• JSON Schemas could support automatic (syntax and semantic) checks
  • JSON is supported by many controllers
The controller of our PV inverter from Fronius has an http/JSON interface. The following request (lines 1-3) returns many common inverter data (line 21ff):



Lesson learned: Controller in inverter could easily provide an http/JSON interface.

The Device Model is a virtual model that could be configured using the SCL (System Configuration Language, IEC 61850-6). The Device Model is implemented in an IED and could be accessed to get the self-description, read, write, send/receive reports, publish/subscribe, ...

An IEC 61850 Server hosted by an IED could easily map the model to JSON objects that may be communicated with MQTT, HTTP, ...

The mapping to JSON is quite easy. It could be implemented by a simple automatic process that parses the model (SCL/XML), searches for the paths and concatenates the names from the root to the leaves to get the reference! AND: the mapping preserves the semantic - the meaning represented by the path name.

The mappings of IEC 61850 Models to IEC 60870-5-104, DNP3 or Modbus would result in messages that have lost the semantic of the signals. These solutions have mainly numbers as reference - these numbers have no meaning in the communication.

FDIS Ballot for Amendment 1 for IEC 61850-7-2, 7-3 and 7-4 Edition 2 Approved

The ballot of the three amendments (Amendment 1 for IEC 61850-7-2, 7-3 and 7-4 Edition 2) passed the FDIS process. All three amendments have been approved by 100 %.

The next step will be the IS publication of the three amendments.

It is likely that there will be a consolidated version of each of the three parts - means: the amendment is merged into the edition 2 versions and become edition 2.1.

IEC 61850 Sampled Values and GOOSE Messages Reduce Complexity and Cost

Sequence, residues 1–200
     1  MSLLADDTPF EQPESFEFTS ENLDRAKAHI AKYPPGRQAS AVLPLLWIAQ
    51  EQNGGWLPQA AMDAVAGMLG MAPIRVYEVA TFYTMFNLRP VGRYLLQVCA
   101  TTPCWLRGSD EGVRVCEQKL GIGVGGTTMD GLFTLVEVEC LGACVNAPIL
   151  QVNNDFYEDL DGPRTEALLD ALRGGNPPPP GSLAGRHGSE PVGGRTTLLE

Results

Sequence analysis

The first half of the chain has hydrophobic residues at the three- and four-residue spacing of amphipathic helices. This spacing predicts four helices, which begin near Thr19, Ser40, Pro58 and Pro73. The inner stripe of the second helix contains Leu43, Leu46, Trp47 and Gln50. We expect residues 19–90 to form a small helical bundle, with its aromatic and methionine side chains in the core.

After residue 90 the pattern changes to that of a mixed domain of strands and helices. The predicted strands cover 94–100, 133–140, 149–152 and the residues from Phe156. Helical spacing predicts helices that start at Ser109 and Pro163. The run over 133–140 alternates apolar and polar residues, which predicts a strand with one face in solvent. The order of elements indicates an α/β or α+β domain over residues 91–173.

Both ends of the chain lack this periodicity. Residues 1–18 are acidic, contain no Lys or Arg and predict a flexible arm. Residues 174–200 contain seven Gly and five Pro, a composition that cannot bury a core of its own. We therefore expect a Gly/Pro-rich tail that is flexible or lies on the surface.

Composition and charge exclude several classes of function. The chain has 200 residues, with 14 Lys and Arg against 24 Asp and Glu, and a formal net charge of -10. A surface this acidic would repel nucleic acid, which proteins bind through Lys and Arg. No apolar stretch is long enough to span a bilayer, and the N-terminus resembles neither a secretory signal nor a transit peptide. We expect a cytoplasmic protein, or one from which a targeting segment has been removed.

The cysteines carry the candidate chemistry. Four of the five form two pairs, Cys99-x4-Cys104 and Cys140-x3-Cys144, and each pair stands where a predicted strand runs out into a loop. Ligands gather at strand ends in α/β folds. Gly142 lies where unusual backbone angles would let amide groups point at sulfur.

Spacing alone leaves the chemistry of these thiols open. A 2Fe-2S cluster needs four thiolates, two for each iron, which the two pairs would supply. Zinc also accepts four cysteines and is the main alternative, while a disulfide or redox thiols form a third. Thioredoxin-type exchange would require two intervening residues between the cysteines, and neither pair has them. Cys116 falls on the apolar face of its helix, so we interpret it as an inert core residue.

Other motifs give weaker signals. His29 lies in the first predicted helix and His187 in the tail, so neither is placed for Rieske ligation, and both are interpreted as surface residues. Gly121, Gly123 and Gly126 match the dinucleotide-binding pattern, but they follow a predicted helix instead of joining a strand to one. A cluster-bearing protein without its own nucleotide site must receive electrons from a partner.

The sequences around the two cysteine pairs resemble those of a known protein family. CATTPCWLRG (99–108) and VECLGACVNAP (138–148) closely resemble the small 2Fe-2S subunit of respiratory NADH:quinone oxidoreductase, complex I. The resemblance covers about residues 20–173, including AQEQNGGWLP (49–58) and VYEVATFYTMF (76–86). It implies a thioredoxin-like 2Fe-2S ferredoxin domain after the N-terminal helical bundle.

Synaptec Ltd (a spin-out technology company from the University of Strathclyde, UK) developed a distributed electrical sensing technology platform using IEC 61850. The approach allows measured values from up to 50 current transformers to be acquired passively using a single optical fibre core over a distance of up to 50 km. These measured values can then be utilised as part of centralised PAC schemes, or communicated to traditional PAC devices for analysis via IEC 61850-9-2 / 61869-9. By centralising current measurements, this method eliminates the need of having multiple protection relays at each line ends, complex time synchronisation systems at measurement points, and complex telecommunications equipment among the distributed PAC devices.

Click HERE for downloading the 12 page paper (Differential protection of multi-ended transmission circuits using passive distributed current sensors) describing the application and approach to solve a very crucial challenge.

Another paper (Implementation of centralised, numerical busbar protection using distributed photonic current sensors) describes the design and testing of the first centralised busbar protection scheme that makes use of distributed photonic current sensors and IEC 61850. By utilising distributed, passive sensors which are interrogated purely using standard optical fibre, the requirement for active units in the substation yard is completely eliminated. Additionally, the use of copper wiring from CTs to measurement units may be eliminated. The scheme, designed and built for Statnett by Synaptec, will be installed and trialled at Statnett’s Furuset R&D substation near Oslo, Norway. A prototype centralised busbar protection algorithm, validated with the University of Strathclyde, will run on the central merger unit to prove the principle of centralised busbar protection using a single active IED.